Use Holiday Fun for High School Credit
By Lee Binz
Truth be told, when we were homeschooling, I was always completely stressed out by December. As a stay-at-home mom with a limited budget, it took me most of the month to create a marvelous, memory-filled holiday for the boys, while staying within our budget. All the gifts, cleaning, cooking, baking …it was overwhelming at times! I wanted to create cherished experiences and spend meaningful time with loved-ones and neighbors. Add to that a birthday in mid-December, and … well, it was a stressful month for me. Through the years, though, I learned how to decrease my homeschool workload for the month, while retaining academic rigor in the midst of holiday fun. In fact, when our children got into high school, I realized that many of our fun traditions could be used for high school credit on their transcript. How can you use holiday fun for high school credit? Let me count the ways!
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1. Fun with Fine Arts
Many families enjoy theater and musical fine arts as a part of their yearly tradition. If you attend “A Christmas Carol,” watch “The Nutcracker,” or see “A Christmas Story” at the theater, they can be great additions to your course descriptions. Remember, a course description is just a description of what you did and a list of what you used in each class. Include field trips and hands-on experiences in your course descriptions, along with those holiday events. Each theater event could be included as a field trip in a Theater or Survey of Fine Art class. A sing-along event with “The Hallelujah Chorus,” focusing on the composer Handel, and practicing Christmas music during music lessons can be included in a course description for your Music, Voice, Piano, or Survey of Fine Art class. We spent the month of December listening to various Christmas classics, and learning the composer of significant works of music. Many young people will perform musically at church during the holidays. This can give you the opportunity to modify your course title slightly, and call it “Piano with Performance” demonstrating the additional skill of performing in a group.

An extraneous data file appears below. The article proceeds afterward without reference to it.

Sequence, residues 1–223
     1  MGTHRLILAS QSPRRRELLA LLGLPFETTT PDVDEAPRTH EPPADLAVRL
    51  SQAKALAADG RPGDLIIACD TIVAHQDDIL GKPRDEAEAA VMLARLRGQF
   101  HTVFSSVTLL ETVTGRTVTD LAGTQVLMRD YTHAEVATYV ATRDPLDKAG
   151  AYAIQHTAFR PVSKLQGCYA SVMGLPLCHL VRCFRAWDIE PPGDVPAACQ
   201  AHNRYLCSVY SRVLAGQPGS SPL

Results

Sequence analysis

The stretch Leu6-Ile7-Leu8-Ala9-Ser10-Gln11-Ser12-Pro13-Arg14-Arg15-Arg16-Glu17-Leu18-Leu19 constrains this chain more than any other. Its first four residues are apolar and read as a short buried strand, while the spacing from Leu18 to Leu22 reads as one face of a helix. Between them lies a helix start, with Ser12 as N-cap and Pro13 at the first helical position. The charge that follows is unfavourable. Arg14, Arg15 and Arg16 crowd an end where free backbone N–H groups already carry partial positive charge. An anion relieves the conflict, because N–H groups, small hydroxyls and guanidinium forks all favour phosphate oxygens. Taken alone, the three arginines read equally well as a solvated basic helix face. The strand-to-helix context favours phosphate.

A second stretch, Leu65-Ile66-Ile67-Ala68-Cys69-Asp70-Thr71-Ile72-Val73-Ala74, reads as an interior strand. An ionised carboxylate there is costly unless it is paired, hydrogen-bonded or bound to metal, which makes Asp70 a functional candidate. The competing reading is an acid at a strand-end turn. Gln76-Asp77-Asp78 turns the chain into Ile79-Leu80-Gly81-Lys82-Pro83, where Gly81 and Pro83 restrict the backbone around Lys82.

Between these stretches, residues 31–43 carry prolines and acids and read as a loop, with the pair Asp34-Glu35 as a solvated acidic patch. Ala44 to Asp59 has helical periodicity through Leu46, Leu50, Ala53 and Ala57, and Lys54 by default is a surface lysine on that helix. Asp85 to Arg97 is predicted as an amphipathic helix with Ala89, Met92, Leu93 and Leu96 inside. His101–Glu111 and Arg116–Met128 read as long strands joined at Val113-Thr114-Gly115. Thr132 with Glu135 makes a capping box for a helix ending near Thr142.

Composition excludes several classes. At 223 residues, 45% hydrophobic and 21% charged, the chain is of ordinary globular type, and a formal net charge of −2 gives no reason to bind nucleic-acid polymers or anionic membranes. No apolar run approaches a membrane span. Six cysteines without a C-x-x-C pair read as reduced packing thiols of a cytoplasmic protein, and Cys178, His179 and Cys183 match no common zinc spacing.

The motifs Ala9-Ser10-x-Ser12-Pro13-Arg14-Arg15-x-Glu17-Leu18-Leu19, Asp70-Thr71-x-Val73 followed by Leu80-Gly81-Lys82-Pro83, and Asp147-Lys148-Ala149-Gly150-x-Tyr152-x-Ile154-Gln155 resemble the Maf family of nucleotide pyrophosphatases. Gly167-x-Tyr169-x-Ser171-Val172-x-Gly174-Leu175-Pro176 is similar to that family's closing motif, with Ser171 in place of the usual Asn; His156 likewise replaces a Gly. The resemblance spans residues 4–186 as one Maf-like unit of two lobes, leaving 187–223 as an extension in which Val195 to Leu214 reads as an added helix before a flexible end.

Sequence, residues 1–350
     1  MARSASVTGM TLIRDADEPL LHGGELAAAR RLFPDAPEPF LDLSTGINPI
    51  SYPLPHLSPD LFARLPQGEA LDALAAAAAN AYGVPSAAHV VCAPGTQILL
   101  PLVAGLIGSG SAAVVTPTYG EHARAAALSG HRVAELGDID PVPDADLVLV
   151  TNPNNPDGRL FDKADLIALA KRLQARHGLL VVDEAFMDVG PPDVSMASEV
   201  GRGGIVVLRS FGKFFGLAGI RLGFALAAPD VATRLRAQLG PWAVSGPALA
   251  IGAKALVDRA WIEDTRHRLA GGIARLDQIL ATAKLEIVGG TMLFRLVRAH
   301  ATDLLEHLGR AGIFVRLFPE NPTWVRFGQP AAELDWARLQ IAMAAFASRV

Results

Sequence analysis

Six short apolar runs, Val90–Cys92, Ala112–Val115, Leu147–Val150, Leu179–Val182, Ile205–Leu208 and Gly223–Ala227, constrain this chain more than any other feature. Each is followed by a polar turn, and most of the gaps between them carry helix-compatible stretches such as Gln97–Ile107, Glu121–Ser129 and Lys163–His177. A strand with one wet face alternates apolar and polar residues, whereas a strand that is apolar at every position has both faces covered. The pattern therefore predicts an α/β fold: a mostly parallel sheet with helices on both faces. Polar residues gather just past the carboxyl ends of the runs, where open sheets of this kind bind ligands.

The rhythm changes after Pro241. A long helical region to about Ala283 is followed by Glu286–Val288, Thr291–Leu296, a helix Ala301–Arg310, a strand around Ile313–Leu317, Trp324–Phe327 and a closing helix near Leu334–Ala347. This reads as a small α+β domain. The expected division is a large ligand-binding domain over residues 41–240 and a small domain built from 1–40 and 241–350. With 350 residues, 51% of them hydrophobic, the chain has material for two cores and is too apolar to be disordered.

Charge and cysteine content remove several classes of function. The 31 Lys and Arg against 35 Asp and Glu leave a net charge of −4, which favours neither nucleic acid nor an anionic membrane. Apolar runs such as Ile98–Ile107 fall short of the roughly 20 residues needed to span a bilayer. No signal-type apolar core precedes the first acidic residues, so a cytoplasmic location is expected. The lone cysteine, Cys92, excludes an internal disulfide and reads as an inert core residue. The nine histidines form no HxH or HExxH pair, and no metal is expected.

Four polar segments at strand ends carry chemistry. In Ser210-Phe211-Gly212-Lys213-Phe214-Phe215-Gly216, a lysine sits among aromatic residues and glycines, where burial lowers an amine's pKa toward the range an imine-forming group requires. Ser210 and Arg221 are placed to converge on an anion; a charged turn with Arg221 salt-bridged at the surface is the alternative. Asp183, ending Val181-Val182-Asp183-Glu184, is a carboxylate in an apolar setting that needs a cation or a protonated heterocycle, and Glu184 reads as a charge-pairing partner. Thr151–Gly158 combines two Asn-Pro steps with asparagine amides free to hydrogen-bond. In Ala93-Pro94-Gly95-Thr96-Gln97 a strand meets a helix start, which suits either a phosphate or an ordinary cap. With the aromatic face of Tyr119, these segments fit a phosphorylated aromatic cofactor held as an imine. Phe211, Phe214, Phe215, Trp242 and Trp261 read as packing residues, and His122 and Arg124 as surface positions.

Hand-made projects are more than just awesome gifts, they can also be artistic creations. Use arts and crafts time in your homeschool for gift making, and then include each project in your course descriptions. Often, a course description will provide an explanation of how you graded the glass. For a fine art class, you might include a list of each hand-made project, and grade the final project with an “A” if it was completed to your satisfaction. Photography, and framing that photography, would make a wonderful gift as well as a school project. Sewing, knitting, crocheting, and other handcrafts can be included as well. You may have enough hours for a stand-alone class called Sewing, Handcrafts, Photography, or Visual Arts. Alternatively, those hours can be rolled into a class called Survey of Fine Art.
Some reading and writing may be included in your fine art class. When I was homeschooling, I gave my children Normal Rockwell’s Christmas Book to use for a writing prompt, and asked them to write a short story about any painting inside its pages. This way, writing could be used as part of their art credit, showing that the class included some compositions as well as projects and experiences. Attending a dramatized version of “A Christmas Carol” might be included as a theater study in an art survey or theater class. You could even have your child compare the theatrical performances to the story and discuss which version more closely reflects the original work.
2. Creative English Composition
Instead of your regularly-scheduled English program, why don’t you substitute some Christmas reading and composition instead? After all, the purpose of your English program is to teach reading and writing fluency, and fluency requires practice.
The holidays are filled with writing opportunities. Writing Christmas cards is a great exercise for penmanship, particularly for techie teens that rarely write by hand and may need the practice. Christmas cards are a micro-writing version of the quick essay skills that are important for college. Writing a card is an exercise in quickly getting ideas out of your head and onto paper. Many families have a Christmas letter tradition and perhaps your children can participate, or even take over, that holiday writing. Some families may encourage all members to write and develop a longer letter or email newsletter they send to family and friends. Instead of sticking to the normal grind of writing, December is a great time to mix it up and write essays about Christmas. You might consider submitting them to publications or scholarship competitions, or using these essays in your family Christmas letter or giving them as gifts.